A study published in the International Journal of Obesity shows that children who are obese may overeat because they crave more sugar than slimmer children.
The researchers studied 23 children, ages 8–12, 10 of whom were obese and the others who were a normal weight. In the study the children were given a fifth of a teaspoon of water mixed with table sugar and asked to swirl it in the mouth with their eyes closed, while focusing on its taste.
They found neurons in the obese children's insular cortex and amygdala, regions of the brain involved in taste, motivation, and reward, were unusually lively when given the sugar water. Notably, they did not show any heightened brain cell ctivity in the striatum that is also part of the response and reward circuitry and whose activity has, in other studies, been associated with obesity in adults. But the striatum does not develop fully until adolescence.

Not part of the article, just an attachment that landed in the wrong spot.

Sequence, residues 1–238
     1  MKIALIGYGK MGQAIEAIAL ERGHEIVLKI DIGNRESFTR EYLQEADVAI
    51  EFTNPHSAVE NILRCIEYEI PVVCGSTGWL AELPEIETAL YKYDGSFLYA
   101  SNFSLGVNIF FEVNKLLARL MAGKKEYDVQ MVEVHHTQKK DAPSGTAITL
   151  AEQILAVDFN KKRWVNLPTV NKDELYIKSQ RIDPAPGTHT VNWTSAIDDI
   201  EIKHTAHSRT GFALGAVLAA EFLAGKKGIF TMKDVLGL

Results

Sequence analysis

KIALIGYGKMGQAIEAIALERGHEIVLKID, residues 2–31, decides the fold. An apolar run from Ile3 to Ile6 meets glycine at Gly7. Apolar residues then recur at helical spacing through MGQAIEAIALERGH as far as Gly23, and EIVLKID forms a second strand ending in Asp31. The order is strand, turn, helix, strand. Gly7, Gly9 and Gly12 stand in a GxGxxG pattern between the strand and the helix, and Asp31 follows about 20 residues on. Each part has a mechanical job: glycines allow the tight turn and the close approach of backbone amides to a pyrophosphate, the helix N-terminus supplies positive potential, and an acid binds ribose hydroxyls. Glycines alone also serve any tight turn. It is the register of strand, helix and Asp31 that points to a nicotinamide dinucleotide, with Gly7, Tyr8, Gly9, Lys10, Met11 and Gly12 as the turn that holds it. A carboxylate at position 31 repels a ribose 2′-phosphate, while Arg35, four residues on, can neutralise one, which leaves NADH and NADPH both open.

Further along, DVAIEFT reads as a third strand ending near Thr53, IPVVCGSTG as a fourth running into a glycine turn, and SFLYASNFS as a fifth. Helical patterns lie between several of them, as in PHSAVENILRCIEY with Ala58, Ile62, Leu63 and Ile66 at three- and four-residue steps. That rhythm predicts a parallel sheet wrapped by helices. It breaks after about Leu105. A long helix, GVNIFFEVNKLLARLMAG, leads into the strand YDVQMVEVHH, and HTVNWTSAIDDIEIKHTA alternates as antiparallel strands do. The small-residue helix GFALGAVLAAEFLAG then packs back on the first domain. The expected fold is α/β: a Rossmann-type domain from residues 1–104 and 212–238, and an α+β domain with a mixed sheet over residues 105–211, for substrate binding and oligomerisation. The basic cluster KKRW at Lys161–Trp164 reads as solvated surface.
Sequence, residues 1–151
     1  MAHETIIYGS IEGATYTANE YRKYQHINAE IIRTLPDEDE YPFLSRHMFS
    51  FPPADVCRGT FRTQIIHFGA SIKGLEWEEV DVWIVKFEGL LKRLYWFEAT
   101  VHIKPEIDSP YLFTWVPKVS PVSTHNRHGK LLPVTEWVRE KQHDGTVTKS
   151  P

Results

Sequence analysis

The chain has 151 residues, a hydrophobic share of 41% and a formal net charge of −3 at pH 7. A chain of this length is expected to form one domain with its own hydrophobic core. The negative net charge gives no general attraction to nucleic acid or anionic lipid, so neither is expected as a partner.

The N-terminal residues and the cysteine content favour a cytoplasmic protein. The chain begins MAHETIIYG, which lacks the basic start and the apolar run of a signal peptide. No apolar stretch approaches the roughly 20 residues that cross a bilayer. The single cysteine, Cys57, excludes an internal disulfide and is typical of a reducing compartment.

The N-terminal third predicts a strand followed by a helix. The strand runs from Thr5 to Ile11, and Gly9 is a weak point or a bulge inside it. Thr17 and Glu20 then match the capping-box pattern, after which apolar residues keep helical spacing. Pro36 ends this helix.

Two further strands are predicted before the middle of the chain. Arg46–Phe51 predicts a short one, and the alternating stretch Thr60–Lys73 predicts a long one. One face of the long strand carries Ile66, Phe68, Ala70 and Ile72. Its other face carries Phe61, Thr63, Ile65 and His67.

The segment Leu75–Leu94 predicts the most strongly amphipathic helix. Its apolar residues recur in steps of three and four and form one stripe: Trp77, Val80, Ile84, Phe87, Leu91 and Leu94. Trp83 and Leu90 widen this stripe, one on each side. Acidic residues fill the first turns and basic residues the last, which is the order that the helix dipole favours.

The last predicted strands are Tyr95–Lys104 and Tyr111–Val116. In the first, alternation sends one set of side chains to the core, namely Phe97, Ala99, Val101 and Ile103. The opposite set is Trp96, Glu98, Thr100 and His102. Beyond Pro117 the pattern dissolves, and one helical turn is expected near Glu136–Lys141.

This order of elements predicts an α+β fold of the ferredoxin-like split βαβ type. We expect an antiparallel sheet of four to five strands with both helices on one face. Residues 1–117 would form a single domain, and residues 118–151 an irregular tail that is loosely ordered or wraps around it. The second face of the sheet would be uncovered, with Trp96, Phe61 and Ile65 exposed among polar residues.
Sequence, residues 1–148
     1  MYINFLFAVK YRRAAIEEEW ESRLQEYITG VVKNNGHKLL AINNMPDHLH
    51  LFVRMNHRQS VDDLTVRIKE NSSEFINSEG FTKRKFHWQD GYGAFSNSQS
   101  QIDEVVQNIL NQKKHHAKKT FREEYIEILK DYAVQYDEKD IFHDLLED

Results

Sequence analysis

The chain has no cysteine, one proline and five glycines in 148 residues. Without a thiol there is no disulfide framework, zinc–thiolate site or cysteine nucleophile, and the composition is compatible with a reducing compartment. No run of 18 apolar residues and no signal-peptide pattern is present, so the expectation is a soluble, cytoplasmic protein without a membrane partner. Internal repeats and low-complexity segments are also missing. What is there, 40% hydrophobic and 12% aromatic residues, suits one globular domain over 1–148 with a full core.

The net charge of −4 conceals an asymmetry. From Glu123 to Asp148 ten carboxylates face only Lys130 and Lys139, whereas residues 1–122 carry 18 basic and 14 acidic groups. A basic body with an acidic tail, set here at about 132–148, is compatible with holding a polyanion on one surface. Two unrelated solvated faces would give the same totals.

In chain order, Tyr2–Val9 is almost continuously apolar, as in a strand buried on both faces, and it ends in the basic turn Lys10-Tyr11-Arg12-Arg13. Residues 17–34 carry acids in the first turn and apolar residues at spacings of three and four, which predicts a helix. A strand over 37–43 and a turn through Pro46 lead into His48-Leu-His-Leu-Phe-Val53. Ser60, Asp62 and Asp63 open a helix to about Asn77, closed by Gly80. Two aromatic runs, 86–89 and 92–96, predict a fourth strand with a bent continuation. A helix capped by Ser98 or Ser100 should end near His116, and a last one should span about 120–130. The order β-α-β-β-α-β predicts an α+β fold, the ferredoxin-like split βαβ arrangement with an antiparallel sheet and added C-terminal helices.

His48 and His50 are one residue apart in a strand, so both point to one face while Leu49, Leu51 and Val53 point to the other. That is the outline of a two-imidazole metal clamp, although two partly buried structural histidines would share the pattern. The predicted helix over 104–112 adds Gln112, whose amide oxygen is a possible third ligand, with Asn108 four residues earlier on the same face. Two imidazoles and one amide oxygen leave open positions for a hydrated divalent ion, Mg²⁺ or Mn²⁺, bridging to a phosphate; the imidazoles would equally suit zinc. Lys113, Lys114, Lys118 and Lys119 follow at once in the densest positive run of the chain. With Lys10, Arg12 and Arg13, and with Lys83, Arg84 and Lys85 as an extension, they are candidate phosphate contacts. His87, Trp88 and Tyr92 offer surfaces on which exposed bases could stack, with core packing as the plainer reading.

The researchers believe that their scans document, for the first time, the early development of the food reward circuitry in young children. An elevated sense of "food reward" that involves being motivated by food and deriving a good feeling from it could mean some children have brain circuitries that predispose them to crave more sugar throughout life.